Stratford Saunders Makes a Trip, 1902

A travelogue from the September 5, 1902 Skidmore Standard (Skidmore, Missouri), page 4:

Stratford Saunders Makes a Trip Over-land

Dear Mr. Editor: — After getting back from my trip I thought I would give you a short history of what I saw as it might interest some of the readers of the grand old Standard.

Well, to begin, we started (my son, Jim, and one daughter) from near Maryville in a two-horse conveyance, on Monday morning, Aug. 25, and drove by the way of Bolckow where I have a twin sister living, and here we proceeded to put up for dinner and spent some three or four hours visiting old friends that I had not seen for some time.

At three o’clock we started on our journey again, arriving at Savannah about sundown.  Here we stopped with Mr. Orris Saunders, a cousin of mine.  The next morning we visited the famous Richardson house, saw where Mr. Richardson was shot, saw where he lay, and heard some express themselves as to whom they thought did the killing.

After dinner we started on our journey again and went through St. Joseph where the Woodmen and the Elks were having a grand time.  We did not stop but drove on until night and went into camp.  The next morning we got up and started by daylight.  That day we drove to Weston and saw J. W. Jackson, a former Skidmore man, also a Mr. Owens, a brother to Frank Owens of Maryville.

Just beyond the town we stopped for the night and I must say we met with some as clever people as I ever saw.  They came to where we were camped and would have us to go to their houses and stay all night and put our horses in the barn and treated us royally.

I have now come to the most interesting part of our journey.  We crossed the river at Ft. Leavenworth where we saw the regular troops and the military prison but did not visit it as the prisoners had been taken out and put to work.  We then drove through Leavenworth City and on to the Soldier’s Home.  Anyone seeing this place would be compelled to saw that this is a grand and good nation.  Oh but it is a beautiful place!  It is kept as neat as any man’s lawn.  There are about 2,000 or more old soldiers there.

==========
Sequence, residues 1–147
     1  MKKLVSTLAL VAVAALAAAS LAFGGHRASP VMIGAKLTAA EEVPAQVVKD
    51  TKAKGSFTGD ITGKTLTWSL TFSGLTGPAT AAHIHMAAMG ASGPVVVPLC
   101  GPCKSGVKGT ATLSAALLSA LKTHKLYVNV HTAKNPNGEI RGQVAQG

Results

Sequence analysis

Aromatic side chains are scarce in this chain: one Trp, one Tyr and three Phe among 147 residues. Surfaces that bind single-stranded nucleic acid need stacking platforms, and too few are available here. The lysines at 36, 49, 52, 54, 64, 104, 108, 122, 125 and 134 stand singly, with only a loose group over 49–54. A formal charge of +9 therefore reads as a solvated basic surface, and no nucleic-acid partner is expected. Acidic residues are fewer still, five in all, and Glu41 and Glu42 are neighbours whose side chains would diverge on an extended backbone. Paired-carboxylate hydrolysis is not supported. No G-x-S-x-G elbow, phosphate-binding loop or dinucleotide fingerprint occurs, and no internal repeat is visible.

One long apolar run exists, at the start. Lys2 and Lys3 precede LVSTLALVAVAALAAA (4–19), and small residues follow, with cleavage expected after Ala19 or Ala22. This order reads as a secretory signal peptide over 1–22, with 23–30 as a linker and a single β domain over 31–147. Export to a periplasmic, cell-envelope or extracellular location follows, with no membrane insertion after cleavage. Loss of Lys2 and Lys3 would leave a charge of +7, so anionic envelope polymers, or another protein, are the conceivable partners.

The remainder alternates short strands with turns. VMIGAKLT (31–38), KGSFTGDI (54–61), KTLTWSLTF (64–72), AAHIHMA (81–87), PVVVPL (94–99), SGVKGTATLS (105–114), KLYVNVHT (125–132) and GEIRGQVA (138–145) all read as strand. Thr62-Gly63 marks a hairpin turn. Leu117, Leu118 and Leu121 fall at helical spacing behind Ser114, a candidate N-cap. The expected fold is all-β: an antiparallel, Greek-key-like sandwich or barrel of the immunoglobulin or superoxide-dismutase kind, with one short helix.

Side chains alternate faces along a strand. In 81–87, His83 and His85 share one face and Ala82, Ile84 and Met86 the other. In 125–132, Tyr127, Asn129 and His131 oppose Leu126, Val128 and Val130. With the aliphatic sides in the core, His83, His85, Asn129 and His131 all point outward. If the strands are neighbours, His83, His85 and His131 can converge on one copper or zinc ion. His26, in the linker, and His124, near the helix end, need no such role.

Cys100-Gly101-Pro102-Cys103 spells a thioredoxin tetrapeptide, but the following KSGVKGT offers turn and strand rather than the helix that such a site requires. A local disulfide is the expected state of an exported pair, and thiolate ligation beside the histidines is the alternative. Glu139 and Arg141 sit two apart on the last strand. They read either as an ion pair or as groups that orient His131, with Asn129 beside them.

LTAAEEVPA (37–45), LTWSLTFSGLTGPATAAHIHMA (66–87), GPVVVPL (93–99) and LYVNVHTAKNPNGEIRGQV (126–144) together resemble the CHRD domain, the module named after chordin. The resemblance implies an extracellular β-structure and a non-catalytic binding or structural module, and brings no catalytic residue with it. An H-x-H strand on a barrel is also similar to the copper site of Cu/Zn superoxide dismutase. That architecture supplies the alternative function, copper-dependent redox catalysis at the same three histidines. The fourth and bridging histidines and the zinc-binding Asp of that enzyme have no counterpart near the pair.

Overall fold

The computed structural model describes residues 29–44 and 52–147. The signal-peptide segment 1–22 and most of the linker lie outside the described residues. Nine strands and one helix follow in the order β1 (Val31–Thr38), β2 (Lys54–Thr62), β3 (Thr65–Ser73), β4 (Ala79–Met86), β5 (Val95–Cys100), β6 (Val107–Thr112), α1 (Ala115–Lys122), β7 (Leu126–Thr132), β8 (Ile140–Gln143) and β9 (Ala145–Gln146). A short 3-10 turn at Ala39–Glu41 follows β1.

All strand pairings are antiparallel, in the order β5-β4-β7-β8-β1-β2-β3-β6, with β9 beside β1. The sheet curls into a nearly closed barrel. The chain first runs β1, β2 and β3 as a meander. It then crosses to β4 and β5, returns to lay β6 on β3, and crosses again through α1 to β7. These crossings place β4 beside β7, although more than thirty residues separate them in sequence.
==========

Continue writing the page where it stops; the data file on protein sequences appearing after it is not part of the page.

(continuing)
We then went on to Lansing where the state penitentiary is located.  We hadn’t been there long until we found ourselves within the prison walls with a guide at our disposal.  We proceeded to go through the whole building.  They have, in all, about 1,100 prisoners.  They have about 55 hangmen.  They are called hangmen because they have been sentenced to hang, but the Governors of the state will not sign the order for the execution, so they are just kept there for life.  There are, including these, about 100 life prisoners.  I saw the famous Jessie Morrison whom you have all read about in the papers.  She has been sent there for 25 years.  I also saw a young girl about 16 or 18 years old who was sent there for life for killing a child.  She and an old woman who is blind are both sent for life.

Well, when our time was up they let us out, but while in there I bought a little souvenir made by some of the inmates.  They had some of the finest things for sale that I have seen for a long time.

I could write many more things of interest but I fear of worrying the readers of your paper, so will close by saying that we got to Kansas City that night about midnight.

S. Saunders.

 

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